Depleted Lake Lyambezi leaves fishermen despondent

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Aron Mushaukwa

Katima Mulilo-The dwindling of fish stocks in Lake Lyambezi and the inward rivers in the entire Zambezi Region has left fishermen despondent – particularly at the region’s lake that was once considered the region’s main source of fish.

Since the beginning of the year the region’s common Zambezi bream has been scarce, despite the fact that fishing was off limits between November and March, but it appears ever since the fishing season re-opened there have been no fish at all.

When New Era visited Lake Lyambezi at Muyako area on Wednesday there were no fishing activities taking place. The only fishermen at the lake were there “to just relax”, as they have already given up on fishing.

“We have already lost hope, you can take your net and go cast it and you come back the next day hoping that maybe you will find something for relish, but you end up getting nothing at all. We have done that several times and we have already given up,” said one of the fishermen, Passy Mbumba. He added that their only hope is that by the end of August they might start catching catfish, as for now they have no hope that they will be able to catch bream this year.

“In 2015/2016 we had an abundance of fish here at the lake, when you go in the water when you come back you have a good catch, and customers will be waiting by the shore, we could sell and put bread on the table, but now we are just surviving on vegetables,” added another fisherman, Mbeha Sitwala.

The scarcity of fish has also had a negative impact on the fish traders, whose livelihood depends on buying fish from the fishermen and selling it at the Katima Mulilo open market. Chuma Simasiku, one of the fishmongers, told New Era that “it is currently tough to put bread on the table”.

“However, we are trying by all means to survive by selling the smaller fishes we get from Lisikili and Nan’ombe. There is hope, as recently we have been getting fish from flood-prone areas of Ihaha and Mbalasinte, so hopefully this is a good sign that flood-prone areas may become our suppliers,” said Simasiku.

Some fishmongers have resorted to buying fish from Zambia, reportedly from a farmer who has a fish pond. But Simasiku says that fish is simply too expensive and not favoured by customers.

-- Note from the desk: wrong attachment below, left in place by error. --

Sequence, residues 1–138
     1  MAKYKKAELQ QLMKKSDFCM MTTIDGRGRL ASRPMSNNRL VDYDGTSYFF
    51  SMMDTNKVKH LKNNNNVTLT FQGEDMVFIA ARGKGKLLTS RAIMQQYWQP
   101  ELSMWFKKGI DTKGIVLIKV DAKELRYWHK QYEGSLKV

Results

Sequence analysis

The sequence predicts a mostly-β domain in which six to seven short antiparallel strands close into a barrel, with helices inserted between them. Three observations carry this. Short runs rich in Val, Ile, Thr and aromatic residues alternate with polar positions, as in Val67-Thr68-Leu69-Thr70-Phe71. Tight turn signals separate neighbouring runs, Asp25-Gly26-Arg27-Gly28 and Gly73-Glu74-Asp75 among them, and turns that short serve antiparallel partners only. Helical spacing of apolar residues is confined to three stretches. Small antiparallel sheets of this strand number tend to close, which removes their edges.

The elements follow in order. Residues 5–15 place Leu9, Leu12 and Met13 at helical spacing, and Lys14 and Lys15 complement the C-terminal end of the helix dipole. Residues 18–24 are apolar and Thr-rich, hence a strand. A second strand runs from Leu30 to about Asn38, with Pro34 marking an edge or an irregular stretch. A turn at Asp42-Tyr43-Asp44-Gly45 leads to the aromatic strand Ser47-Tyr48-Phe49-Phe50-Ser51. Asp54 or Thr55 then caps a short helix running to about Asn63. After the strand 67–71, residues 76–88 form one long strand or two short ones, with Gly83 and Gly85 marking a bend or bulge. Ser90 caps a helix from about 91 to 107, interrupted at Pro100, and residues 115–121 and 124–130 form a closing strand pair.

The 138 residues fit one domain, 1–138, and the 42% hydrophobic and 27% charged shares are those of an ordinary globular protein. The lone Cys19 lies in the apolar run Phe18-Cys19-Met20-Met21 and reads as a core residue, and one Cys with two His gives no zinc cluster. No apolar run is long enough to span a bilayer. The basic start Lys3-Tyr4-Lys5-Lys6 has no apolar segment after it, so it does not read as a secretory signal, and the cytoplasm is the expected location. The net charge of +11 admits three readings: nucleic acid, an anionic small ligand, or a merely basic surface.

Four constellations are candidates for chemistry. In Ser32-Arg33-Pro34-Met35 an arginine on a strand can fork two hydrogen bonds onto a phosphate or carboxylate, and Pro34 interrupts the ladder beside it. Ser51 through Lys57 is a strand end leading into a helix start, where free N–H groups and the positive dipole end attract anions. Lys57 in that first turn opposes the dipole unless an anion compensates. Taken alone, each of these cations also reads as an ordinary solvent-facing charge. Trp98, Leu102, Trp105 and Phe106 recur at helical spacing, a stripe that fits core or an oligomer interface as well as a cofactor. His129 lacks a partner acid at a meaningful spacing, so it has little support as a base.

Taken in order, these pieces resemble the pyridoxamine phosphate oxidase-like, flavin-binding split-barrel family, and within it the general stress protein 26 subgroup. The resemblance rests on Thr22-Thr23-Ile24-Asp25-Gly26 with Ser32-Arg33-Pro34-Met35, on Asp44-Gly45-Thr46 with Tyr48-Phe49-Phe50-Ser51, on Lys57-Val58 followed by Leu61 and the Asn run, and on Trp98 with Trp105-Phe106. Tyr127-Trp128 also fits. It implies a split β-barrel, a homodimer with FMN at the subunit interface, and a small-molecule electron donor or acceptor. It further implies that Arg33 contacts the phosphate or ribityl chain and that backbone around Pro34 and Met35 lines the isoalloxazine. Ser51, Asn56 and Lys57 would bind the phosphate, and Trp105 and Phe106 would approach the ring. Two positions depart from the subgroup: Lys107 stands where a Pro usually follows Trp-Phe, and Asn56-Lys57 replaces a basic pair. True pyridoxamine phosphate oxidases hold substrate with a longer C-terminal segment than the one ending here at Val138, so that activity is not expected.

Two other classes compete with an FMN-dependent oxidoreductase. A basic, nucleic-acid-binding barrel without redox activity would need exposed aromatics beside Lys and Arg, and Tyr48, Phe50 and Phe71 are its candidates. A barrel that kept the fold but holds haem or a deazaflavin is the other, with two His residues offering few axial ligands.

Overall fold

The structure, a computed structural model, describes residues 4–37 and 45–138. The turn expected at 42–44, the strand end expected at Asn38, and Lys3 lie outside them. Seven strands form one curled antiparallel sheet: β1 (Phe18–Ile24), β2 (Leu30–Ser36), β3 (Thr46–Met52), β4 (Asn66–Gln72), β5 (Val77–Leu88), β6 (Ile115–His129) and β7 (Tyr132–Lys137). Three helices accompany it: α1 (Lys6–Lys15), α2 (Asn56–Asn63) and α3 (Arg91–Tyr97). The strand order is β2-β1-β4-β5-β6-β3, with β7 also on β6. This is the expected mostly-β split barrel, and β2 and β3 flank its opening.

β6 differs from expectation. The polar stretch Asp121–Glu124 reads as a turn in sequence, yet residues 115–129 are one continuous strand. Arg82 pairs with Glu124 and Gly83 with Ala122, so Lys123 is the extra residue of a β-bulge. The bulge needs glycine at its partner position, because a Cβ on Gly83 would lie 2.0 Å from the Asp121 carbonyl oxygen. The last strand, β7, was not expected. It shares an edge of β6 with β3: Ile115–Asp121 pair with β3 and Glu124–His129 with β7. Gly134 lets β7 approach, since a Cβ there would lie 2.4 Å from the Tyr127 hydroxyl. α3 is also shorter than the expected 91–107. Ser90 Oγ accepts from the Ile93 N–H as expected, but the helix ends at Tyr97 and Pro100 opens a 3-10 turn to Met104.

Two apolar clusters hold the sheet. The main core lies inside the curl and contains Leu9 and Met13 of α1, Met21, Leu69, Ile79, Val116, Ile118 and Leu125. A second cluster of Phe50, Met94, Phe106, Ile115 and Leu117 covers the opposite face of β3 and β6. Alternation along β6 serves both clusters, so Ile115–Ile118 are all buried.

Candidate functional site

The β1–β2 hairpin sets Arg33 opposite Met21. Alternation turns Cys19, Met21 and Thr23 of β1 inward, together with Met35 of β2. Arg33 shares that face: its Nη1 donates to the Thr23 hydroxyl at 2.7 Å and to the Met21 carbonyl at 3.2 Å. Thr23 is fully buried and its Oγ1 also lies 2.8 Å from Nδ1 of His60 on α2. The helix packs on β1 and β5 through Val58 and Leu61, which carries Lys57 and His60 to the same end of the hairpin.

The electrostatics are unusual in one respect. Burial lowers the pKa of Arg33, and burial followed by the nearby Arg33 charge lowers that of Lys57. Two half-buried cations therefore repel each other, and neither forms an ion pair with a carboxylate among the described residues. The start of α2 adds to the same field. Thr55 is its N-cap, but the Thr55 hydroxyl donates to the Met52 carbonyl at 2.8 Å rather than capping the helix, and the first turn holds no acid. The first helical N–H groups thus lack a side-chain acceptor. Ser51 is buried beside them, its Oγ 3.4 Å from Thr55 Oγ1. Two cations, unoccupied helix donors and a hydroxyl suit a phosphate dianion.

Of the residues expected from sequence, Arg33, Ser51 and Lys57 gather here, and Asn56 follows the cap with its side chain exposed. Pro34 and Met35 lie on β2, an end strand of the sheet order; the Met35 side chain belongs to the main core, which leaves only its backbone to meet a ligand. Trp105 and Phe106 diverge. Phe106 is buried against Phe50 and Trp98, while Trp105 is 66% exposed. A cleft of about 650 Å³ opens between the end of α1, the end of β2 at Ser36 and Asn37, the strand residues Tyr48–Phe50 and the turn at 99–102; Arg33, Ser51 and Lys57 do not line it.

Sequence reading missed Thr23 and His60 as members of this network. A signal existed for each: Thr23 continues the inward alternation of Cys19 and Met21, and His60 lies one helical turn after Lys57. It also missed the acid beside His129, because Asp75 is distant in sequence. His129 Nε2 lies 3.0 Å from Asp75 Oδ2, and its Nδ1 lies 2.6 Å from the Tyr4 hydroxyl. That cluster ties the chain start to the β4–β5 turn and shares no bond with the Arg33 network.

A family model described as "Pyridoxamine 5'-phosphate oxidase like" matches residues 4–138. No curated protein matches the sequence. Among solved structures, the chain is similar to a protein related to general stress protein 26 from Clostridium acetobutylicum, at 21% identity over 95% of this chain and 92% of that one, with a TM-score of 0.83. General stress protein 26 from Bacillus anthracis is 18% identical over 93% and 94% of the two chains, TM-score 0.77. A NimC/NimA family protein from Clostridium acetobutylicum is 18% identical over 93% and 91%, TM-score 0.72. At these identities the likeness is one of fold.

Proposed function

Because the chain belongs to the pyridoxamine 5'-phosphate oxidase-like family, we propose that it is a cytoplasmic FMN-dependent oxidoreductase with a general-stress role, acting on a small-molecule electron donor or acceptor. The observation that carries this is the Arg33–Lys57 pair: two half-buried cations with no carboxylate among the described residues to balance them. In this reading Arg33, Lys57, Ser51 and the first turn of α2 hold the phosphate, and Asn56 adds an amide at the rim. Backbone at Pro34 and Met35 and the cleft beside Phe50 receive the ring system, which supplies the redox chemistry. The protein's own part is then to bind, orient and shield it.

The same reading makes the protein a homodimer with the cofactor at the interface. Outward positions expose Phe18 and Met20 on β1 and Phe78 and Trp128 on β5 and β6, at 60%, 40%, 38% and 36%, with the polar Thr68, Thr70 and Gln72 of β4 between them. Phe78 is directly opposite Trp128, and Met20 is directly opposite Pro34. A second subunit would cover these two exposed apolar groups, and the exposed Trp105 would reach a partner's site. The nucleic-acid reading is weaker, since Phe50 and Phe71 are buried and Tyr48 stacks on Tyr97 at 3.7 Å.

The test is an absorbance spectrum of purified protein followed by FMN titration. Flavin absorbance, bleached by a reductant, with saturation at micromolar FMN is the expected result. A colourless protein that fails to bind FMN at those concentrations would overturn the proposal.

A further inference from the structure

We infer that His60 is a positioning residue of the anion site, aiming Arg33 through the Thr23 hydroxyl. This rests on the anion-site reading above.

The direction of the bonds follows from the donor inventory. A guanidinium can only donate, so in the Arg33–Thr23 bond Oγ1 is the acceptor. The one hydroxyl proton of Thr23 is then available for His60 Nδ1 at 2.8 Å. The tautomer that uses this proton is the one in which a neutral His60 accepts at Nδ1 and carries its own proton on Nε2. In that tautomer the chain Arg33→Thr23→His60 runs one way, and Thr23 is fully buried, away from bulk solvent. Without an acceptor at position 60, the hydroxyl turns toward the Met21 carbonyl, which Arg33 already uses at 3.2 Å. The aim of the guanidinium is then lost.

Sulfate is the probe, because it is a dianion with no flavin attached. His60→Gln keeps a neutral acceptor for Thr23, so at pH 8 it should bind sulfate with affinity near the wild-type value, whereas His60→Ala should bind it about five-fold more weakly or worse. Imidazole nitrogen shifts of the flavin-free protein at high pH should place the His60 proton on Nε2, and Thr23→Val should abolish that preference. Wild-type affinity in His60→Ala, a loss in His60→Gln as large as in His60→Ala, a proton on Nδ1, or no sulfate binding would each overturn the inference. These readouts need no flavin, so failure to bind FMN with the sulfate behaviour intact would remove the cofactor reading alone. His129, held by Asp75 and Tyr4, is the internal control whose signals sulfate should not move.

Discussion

“The fish from Zambia is too expensive. Previously the farmer used to sell them at a reasonable prize, for N$1000 you could get up to 42 fish, but now for a thousand dollars you can only acquire twenty-four fish, if it is a lot maybe thirty. Customers also don’t like those fish, they say they are tasteless and are full of fat, as they are just fed in the fish pond and they don’t eat waterlilies, like the river fish,” Simasiku explained.

According to the Ministry of Fisheries, the lack of fish in the region is due to overfishing in previous years.

Ministry spokesperson De Wet Siluka said the use of monofilament nets which are three times more effective as multifilament in catching fish and the illegal use of destructive methods, such as (shade nets with cloth lining (locally referred to as sefa-sefa), contributed to the scarcity of fish in the region.

“Fisheries in the Zambezi used to be on a substance basis, but nowadays commercial greed took over, with non-local businessmen hiring fishermen from neighbouring countries,” Siluka elaborated.

Thus, the ministry introduced a closed season to allow the fish to reproduce undisturbed between December and March, as most riverine fish breed during this period.

He, however, pointed out that this intervention has been fruitless as fish stocks in the region continued to decline at an alarming rate, because it has been “economically overfished”.

He further revealed that there are about 88 fish species in the Zambezi Region, with the most common ones being the bream, tigerfish, catfish and the smaller fish.
He stressed that in order for these species to be preserved communities need to “take control of their natural resources”.

“The communities should understand that the catch rates in the Zambezi are decreasing, fish communities are changing and the larger valuable species have been replaced by smaller much less valuable species due to increased effort, reduced mesh sizes and ultimately the use of environmentally destructive fishing gear”, Siluka noted.

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